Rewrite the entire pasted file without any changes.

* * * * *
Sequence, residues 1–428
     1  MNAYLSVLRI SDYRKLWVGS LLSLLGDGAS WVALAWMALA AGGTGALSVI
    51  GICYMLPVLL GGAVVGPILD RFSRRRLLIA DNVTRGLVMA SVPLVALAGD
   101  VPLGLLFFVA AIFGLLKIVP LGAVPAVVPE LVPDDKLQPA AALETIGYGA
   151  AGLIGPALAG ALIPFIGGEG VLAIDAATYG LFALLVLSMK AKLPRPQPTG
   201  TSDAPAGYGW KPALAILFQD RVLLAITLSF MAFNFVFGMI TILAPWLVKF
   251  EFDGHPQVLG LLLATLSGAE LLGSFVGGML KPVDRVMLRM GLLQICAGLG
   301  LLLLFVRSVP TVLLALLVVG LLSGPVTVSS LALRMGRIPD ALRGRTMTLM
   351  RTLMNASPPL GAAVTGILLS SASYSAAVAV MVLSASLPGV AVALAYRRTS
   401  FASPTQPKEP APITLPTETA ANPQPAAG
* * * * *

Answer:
Sequence, residues 1–428
     1  MNAYLSVLRI SDYRKLWVGS LLSLLGDGAS WVALAWMALA AGGTGALSVI
    51  GICYMLPVLL GGAVVGPILD RFSRRRLLIA DNVTRGLVMA SVPLVALAGD
   101  VPLGLLFFVA AIFGLLKIVP LGAVPAVVPE LVPDDKLQPA AALETIGYGA
   151  AGLIGPALAG ALIPFIGGEG VLAIDAATYG LFALLVLSMK AKLPRPQPTG
   201  TSDAPAGYGW KPALAILFQD RVLLAITLSF MAFNFVFGMI TILAPWLVKF
   251  EFDGHPQVLG LLLATLSGAE LLGSFVGGML KPVDRVMLRM GLLQICAGLG
   301  LLLLFVRSVP TVLLALLVVG LLSGPVTVSS LALRMGRIPD ALRGRTMTLM
   351  RTLMNASPPL GAAVTGILLS SASYSAAVAV MVLSASLPGV AVALAYRRTS
   401  FASPTQPKEP APITLPTETA ANPQPAAG